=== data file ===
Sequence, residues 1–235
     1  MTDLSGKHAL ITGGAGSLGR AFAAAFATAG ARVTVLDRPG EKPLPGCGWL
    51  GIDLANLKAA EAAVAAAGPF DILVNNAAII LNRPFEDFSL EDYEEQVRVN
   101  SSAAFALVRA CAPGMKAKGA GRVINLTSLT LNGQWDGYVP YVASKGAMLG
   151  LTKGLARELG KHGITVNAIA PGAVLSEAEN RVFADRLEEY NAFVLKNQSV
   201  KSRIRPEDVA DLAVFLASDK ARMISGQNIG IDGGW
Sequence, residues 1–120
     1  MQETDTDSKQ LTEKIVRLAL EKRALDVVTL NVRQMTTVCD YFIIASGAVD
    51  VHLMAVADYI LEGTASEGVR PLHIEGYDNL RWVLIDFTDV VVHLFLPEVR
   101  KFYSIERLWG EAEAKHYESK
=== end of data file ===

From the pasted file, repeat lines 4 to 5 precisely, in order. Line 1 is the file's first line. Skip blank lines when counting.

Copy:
   101  SSAAFALVRA CAPGMKAKGA GRVINLTSLT LNGQWDGYVP YVASKGAMLG
   151  LTKGLARELG KHGITVNAIA PGAVLSEAEN RVFADRLEEY NAFVLKNQSV